Monday, 27 January 2020

(White Man in) Hammersmith Palais (1978)



To celebrate 40 years since the release of the Clash's album London Calling, the Guardian recently ran a piece on what they considered were the bands best 40 songs. Unsurprsingly, the song they had at #1 was  (White Man in) Hammersmith Palais, released in 1978.

Here is what The Guardian said:

Any of the Clash’s best songs could grace the top spot without too much argument, but this edges it. The collision of reggae (verse) and rock (chorus) epitomise what the critic Lester Bangs described as the Clash’s fusion of “black music and white noise”. Lyrically, a disappointingly lightweight reggae gig (in the Hammersmith Palais) triggers Strummer’s blistering state of the nation address, in which he considers everything from music (“Turning rebellion into money”) to racism and rising nationalism (“If Adolf Hitler flew in today, they’d send a limousine anyway”). Forty-two years on, it remains a tour de force and as relevant as ever.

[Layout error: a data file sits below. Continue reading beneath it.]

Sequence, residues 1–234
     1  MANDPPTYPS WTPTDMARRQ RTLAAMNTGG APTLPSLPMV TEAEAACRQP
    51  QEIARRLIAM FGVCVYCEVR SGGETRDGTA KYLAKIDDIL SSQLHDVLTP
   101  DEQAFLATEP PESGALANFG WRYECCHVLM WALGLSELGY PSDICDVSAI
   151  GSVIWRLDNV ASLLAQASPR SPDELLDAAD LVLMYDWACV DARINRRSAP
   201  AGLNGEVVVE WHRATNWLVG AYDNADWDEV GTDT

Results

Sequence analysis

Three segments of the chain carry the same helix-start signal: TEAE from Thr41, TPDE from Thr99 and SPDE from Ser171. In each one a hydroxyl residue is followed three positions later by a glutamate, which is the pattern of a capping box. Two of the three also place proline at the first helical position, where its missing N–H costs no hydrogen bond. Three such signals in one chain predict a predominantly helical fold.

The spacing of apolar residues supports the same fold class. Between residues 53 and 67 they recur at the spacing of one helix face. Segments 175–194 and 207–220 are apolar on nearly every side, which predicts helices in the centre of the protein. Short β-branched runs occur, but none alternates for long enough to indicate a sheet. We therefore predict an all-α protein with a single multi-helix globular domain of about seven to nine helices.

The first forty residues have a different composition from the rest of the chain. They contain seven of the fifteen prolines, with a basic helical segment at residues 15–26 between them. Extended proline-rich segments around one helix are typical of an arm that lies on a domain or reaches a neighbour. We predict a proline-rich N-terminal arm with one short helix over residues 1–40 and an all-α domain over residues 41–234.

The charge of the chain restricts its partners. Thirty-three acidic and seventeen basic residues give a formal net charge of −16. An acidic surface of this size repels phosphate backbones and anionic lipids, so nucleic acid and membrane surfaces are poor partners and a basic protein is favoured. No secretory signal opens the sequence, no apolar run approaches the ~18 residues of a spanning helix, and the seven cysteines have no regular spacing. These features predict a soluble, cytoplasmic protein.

I first heard this song in 1978, it remains my favourite Clash song. 
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